Absence of Malice

Public figures have an even harder time pursuing defamation actions.  Because the First Amendment provides such strong protection for speech involving matters of public interest, public figures must prove that the false statements were published with actual malice or with reckless disregard for the truth. 

Teachers and professors can be deemed public figures.  In Martin v. Roy, the court ruled that the professor was a public figure because his scholarship, teaching methods and qualifications had become part of a public controversy and because the professor had injected himself into the controversy through his public lectures and writings.  The court also found that the professor had stipulated to being a public figure, and that the stipulation was binding.  Thus, the professor was required to prove that the student journalist acted with actual malice or recklessness.  He could not meet that elevated standard.  The student produced uncontradicted evidence that he genuinely believed his confidential source of information as to the timing of the lawsuit and the professor’s tenure decision. 

Lessons Learned

These cases demonstrate that defamation claims can arise in a wide variety of circumstances at colleges and universities.  The cases also provide important guidance on what can be done to avoid defamation claims.  First, academic institutions must insist that their students, faculty and administrators diligently check all publications for truth and accuracy.  Substantial truth, as shown above, is an absolute defense to a defamation claim.  Demanding truth and accuracy also nurtures a spirit of trust and credibility within the academic community.  Secondly, academic institutions must educate their community members about defamation.  Everyone should know that it is generally illegal to publish false statements, or statements that permit a false innuendo and that would discredit or ridicule someone in front of a considerable and respectable part of the community.  Professors, in particular, should be aware that they might be deemed public figures and thereby be required to prove malice.  Students should be aware that they too could be held liable for defamation, especially if they acted with malicious intent or with reckless disregard for the truth of their statements.  Administrators should be warned to craft carefully every notice of an employment action and to limit publication of such notices only to those members of the community with a legitimate need for the information.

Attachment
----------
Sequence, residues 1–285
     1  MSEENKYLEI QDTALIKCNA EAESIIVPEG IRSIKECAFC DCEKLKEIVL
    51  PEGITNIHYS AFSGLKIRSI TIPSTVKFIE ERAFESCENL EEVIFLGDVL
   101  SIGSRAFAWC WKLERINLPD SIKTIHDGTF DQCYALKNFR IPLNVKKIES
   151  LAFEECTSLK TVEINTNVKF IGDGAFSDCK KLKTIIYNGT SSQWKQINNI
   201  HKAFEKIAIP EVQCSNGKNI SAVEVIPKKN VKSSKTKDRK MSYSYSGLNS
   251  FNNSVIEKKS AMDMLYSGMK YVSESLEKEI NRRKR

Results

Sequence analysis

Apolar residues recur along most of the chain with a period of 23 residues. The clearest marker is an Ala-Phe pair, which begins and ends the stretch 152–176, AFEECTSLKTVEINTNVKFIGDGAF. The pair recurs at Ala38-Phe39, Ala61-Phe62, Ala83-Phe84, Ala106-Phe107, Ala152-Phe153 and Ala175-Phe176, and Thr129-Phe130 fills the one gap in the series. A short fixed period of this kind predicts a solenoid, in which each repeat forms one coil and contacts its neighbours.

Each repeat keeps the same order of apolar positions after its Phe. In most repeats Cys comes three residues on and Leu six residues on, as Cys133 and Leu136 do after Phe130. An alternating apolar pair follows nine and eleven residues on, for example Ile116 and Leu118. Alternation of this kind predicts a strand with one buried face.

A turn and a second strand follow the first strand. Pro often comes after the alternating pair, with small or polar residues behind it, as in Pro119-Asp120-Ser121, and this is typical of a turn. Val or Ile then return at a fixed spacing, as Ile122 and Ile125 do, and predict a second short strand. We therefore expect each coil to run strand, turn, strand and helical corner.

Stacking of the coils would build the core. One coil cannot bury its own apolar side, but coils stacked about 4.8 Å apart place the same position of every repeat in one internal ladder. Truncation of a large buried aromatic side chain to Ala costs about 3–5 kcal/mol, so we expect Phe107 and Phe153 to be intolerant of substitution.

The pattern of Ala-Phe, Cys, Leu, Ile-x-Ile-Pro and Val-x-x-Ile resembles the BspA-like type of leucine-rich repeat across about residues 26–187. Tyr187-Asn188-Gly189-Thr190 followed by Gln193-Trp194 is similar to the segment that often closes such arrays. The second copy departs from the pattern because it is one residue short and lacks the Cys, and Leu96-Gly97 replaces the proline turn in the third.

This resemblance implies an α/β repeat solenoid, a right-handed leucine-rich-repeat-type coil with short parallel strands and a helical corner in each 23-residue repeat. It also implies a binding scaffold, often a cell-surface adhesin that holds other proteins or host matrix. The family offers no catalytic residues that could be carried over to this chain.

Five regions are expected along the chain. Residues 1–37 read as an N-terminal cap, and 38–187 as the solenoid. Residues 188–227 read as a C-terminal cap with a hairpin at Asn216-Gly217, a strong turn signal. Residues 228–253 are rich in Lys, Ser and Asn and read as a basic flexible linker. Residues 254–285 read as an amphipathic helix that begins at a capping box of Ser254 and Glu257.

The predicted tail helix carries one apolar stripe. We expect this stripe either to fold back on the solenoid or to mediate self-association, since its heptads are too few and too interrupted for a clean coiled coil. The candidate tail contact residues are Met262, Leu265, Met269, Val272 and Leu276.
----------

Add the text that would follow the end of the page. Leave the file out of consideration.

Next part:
These lessons and guidelines are by no means exhaustive on the matter of defamation actions at colleges and universities.